Building a school for Tanzanian girls
“The school will change the girls’ lives. But it will also change the community.”
With a storyline that is part international documentary and part reality series, a growing coalition of UB educators and community members has set its sights on helping to build a school for girls in a remote Tanzanian village, a community enhancement that for these young girls will give them opportunity beyond the harsh limits of their reality.
The effort includes enough human elements to stir the civic consciousness of everyone from teenagers to veteran academics. It also road-tests an institutional model for collaboration UB educators believe has great potential to link the university’s resources with those most in need.
The strategic model was created through UB’s partnership with the Buffalo Public Schools. Those who have nurtured this model for collaboration see the development of a school as an opportunity to test it in Africa and see if it works as well there as it has in the university’s own backyard.
The ongoing effort includes engaging local high school students in fund raising, educational and cultural activities to benefit the girls in Tanzania, who wait with hundreds of others in their region for educational opportunities beyond their primary schooling.
This year’s preparation includes a nine-day trip in July in which six representatives from UB and Western New York will travel to the Tanzanian coastal capital of Dar es Salaam. From there, the group will take a three-hour, commuter-airplane trip to a small airport in the interior of the country, where they will take another three-hour truck drive through the Serengeti grasslands to reach the village of Musoma.
At the center of this grassroots initiative with global aspirations is Mara B. Huber, special assistant to the president for educational initiatives, who first learned of the urgent need for a school during a serendipitous encounter with Tanzanian nuns visiting her mother-in-law’s Amherst home during a recent Christmas.
Since then, the idea to collaborate with the Musoma community to build a school to replace the log in a field where a handful of girls now get an informal education has moved many at UB and in Western New York. Huber, director for UB’s Center for Educational Collaboration, is spearheading a campaign to raise money and consciousness for a project its organizers hope will develop two classrooms by summer 2010 and will someday educate 1,500 girls a year from the Musoma area.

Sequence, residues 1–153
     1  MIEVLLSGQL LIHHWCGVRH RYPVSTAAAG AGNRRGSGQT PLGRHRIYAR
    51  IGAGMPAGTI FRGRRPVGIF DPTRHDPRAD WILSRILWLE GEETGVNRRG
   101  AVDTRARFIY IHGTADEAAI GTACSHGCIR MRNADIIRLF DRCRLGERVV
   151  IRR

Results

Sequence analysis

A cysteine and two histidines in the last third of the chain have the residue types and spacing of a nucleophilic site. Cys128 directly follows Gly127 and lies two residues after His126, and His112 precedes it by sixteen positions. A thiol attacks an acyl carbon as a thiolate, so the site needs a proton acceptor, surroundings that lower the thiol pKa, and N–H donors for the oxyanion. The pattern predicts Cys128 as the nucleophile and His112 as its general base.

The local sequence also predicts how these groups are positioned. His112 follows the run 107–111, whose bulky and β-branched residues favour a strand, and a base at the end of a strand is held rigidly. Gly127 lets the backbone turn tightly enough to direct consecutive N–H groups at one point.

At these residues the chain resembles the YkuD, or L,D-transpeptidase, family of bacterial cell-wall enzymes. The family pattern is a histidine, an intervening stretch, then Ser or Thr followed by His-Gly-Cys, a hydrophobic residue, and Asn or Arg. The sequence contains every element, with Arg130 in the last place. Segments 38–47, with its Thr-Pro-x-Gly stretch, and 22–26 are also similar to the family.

Joining Huber on the July trip to Tanzania will be Katie Biggie, educational outreach coordinator, Center for Educational Collaboration; Mary Gresham, dean of the Graduate School of Education; Brian Carter, dean of the School of Architecture and Planning; Catherine Dulmus, director of the Buffalo Center for Social Research, which is housed within the School of Social Work; Hadon Isse, assistant professor in the School of Management; and Brenda McDuffie, president and CEO of the Buffalo Urban League.
Their mission: change the fate of these girls through education. And their ambitious objective has caught on—throughout UB, in Western New York and in the interior of Tanzania, a developing nation as beautiful and scenic as any African country, but one that retains tribal customs and such substandard health practices as often-lethal female circumcision, forced marriage for girls as young as age 10 and a high rate of HIV-AIDS.
“The school will change the girls’ lives. But it will also change the community,” says Huber. “In our country, folks talk about whether they have a good education or debate the quality of their school. But for these girls, there is no school. And because there are no educational opportunities, there is a lack of choices, which leads to negative outcomes for these girls.”
“The nuns that will run the new school are Catholic,” says Biggie. “However, the area is very tribal. They believe lineage is passed through the man, and the woman is essentially a nonmember of the household. Because of that, families put all their resources into educating and helping the man develop a life and opportunities, whether they be economic, educational or social.”